AH: People buy into that, and so it’s hard to decipher. What I would tell a person who’s looking for someone to help guide them, mentor them, coach them, is to really do your due diligence, and watch a person over a period of time. Not only watch them, but watch the success of their clients.
LR: Oh, there you go.
AH: You know? I often tell my clients, and my audience, I’m like, “Listen, don’t pay attention to what I’m doing. Watch the people who are working with me.” You know? What is my track record? Even if you’re new in the bus, or whatever, everyone has a track record. Like, before I started doing this I was successful at something else. Right? That’s really what I would say is, pay attention to what people’s patterns are, because there is a lot of, “here today, gone tomorrow,” brands-
LR: Yeah, totally.
AH: I don’t want to be that, so I created what I felt like I would’ve wanted early on.
LR: Uh-huh. Yeah. What did you blow your money on?
AH: I blew … Well, let’s just get right to it.
LR: I mean, Were you talking about shoes? Were you talking about gambling?
AH: Oh, no. Hell no. Can we say hell? No, to gambling. Shoes. You know, I don’t know, y’all tell me. I think … You know what? To be really honest, I don’t blow my money-
LR: You said your thing would have been to save more money, what would you have saved it … what would you have not spent the money on?
AH: Okay. What would I have not spent the money on? Travel.
LR: Really? Just literally suck it up for a few years so … because you need a little nest egg to get going.
AH: That’s what I actually did. When I came to a realization that … This was the realization that I came to in 2011 when I wrote my first book was … The year before I started my business I took nine vacations.
LR: Nine? Yeah. That’s a good year.
AH: What I realized was, I was trying to live the life … I wasn’t trying to on purpose, but I was living the life that I couldn’t afford to live-
AH: It’s not like I was in debt over it, but I could’ve used that money for other things. I could’ve hired staff, I could’ve done this-or-that, but instead I was spending the money on vacation, because I love to travel. I put myself on restriction, and I didn’t go on vacation for like three years-
LR: Oh, wow.
AH: I said, “When I look at the money I’m spending on vacation, I can really be doing so much in the business.” It wasn’t that I didn’t deserve to go on vacation, but from a standpoint of, “What is the reward? What am I rewarding myself for really?”
LR: Yeah. Yeah.
AH: If you don’t meet your milestones-
LR: Yeah, you don’t even deserve it.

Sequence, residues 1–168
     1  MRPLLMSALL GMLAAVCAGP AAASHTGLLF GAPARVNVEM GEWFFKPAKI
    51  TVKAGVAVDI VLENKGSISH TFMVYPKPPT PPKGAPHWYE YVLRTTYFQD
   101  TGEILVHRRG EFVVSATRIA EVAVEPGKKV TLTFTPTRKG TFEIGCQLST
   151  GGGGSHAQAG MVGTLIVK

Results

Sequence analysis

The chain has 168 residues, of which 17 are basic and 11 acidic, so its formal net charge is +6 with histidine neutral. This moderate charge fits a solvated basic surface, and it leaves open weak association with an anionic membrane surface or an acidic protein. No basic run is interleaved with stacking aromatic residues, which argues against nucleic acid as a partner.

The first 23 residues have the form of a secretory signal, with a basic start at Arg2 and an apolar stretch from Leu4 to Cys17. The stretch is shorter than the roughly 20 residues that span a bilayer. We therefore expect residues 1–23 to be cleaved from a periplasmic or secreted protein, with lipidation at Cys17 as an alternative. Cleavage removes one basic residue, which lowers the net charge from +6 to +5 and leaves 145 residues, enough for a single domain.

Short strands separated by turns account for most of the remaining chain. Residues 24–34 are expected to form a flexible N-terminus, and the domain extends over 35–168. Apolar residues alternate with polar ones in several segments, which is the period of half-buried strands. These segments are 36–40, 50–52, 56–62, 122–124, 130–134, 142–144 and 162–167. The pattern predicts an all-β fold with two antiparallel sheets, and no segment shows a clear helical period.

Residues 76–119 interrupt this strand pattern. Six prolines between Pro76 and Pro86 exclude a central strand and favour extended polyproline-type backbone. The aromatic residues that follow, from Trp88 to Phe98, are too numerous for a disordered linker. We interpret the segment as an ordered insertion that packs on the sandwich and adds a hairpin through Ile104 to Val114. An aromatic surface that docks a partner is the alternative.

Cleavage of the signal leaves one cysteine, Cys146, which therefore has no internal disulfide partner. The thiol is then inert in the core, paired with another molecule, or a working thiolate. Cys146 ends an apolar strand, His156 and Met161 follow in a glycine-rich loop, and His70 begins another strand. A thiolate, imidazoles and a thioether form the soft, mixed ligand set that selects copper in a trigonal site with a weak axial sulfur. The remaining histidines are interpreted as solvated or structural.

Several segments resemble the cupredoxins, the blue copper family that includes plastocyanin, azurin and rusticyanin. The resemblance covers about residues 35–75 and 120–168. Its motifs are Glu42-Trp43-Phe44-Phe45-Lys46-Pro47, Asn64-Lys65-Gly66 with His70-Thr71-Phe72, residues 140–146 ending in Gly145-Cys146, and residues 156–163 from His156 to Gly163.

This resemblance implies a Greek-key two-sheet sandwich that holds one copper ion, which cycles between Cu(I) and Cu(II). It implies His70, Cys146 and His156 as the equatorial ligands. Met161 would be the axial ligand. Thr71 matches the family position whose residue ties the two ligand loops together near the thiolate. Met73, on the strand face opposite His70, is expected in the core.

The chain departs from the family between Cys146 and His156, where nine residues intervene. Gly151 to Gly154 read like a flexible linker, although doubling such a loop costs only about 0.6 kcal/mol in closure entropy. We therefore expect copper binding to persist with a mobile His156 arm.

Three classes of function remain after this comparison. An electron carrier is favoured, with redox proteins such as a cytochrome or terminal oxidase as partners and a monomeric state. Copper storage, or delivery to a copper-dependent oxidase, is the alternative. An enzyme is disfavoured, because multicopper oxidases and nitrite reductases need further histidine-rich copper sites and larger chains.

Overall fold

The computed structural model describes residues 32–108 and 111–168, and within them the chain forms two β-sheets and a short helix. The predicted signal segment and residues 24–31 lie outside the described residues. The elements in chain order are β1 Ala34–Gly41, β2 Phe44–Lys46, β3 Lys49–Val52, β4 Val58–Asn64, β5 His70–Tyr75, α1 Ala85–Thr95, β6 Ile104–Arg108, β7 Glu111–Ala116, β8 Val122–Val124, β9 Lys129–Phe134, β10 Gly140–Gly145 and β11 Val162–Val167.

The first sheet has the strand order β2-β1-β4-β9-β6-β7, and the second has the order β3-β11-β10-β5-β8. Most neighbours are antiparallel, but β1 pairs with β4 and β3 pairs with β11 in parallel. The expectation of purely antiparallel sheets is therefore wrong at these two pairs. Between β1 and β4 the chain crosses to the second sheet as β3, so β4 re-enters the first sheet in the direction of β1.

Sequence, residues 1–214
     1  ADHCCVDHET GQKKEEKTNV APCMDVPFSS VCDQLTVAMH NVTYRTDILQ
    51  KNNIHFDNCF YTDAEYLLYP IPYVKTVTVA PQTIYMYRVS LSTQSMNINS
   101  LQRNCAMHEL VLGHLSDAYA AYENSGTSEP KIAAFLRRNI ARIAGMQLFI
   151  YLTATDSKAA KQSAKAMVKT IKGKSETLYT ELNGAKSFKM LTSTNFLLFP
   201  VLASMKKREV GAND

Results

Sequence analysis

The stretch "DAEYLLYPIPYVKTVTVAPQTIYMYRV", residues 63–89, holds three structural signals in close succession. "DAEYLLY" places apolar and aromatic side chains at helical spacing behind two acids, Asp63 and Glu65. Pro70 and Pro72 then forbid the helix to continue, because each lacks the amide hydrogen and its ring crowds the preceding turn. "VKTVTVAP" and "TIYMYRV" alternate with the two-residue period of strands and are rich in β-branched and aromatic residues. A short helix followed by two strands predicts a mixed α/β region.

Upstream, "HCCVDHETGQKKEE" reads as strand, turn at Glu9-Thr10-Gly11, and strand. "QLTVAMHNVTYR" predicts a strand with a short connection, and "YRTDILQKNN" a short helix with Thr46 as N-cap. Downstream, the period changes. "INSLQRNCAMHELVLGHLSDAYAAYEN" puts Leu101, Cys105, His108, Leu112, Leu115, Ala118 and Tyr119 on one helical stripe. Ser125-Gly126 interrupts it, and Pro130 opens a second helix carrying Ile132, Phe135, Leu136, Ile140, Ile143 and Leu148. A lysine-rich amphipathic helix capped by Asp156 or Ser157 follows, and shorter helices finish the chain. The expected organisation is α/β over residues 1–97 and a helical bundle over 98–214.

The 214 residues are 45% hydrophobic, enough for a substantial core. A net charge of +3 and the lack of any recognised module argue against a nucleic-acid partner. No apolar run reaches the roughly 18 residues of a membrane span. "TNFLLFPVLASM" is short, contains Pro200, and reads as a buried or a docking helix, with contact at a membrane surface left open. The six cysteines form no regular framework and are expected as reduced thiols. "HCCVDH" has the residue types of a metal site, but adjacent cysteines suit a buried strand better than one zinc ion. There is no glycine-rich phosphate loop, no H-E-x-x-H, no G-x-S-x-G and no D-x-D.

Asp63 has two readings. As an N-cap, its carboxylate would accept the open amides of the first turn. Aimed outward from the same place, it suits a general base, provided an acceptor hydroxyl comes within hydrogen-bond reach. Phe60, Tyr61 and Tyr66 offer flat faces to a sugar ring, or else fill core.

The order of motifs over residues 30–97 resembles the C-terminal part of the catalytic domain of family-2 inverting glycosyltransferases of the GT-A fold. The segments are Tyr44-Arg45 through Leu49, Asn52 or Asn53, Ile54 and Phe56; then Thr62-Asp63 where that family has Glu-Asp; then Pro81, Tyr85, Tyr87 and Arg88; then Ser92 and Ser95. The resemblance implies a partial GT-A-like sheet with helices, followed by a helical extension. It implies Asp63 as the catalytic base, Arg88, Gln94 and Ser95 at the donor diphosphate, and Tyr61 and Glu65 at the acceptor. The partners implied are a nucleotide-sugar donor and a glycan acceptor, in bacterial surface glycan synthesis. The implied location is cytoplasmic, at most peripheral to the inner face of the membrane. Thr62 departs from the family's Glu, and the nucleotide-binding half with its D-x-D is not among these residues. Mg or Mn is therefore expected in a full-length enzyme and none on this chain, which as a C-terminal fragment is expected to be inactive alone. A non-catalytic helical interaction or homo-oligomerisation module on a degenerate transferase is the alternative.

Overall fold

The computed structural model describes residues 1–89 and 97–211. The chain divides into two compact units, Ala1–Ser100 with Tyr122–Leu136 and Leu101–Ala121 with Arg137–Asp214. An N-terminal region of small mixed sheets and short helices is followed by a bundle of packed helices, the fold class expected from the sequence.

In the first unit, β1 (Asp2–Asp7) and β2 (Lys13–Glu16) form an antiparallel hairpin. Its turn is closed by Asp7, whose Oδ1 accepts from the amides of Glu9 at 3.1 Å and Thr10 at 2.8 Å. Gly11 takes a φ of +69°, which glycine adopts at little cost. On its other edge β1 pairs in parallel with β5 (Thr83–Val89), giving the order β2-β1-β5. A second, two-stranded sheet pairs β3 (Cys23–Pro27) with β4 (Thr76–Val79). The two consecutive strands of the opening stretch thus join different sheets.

AH: Why did you even buy the car? You know what I’m saying?
AH: Are we just spoiling ourselves and just going into debt for no reason? What is the reward? Reward enough isn’t just let me get a little money, right? It’s got to be that we’re meeting our objectives in the business. I like to test myself and say, “Okay, when I do this launch, if we can meet all of our…”
LR: You hit this goal.
AH: Exactly. For example, I’m working on, as a partner with Ontraport, I have a specific dollar amount goal I want in my account every month from you in this company, because I’ve referred enough people. That’s a goal. That goal is paying for my Tesla.
LR: Oh, awesome! That is my kind of girl.
AH: You know, that goal is paying for the Tesla. I can afford the Tesla today but, it pushes me to have something to strive for. You know? I think everyone could have some level of that. Whatever that looks like, paying off your student loans, hiring an assistant, whatever it is, right? Getting a new website developed, paying for Ontraport for a year, whatever it is you want to do. I think that if we stop rewarding ourselves for having a goal, and start rewarding ourselves for accomplishing the goal … I’m just saying, you know?
LR: Yeah. Awesome. You’ve made a pretty big splash in a short amount of time-
LR: What is the skill set that you think that you have that has enabled that? What is your unique-
AH: It’s a dysfunction-
LR: Dysfunction? You’re unique dysfunction is?
AH: My unique dysfunction is that I’m an Army brat-
AH: That means that my father would come home and say, “We’re moving to Germany in 30 days.” Then, we’d move to Germany and we’d live there for a few years, and he’d come home again and say, “We’re moving to America in 20 days.”
AH: Having to get up and reinvent yourself in all these places and leave friends behind made me resilient and adaptable. It also helped me understand how to build and leverage relationships, which is why I am the queen of building tribes.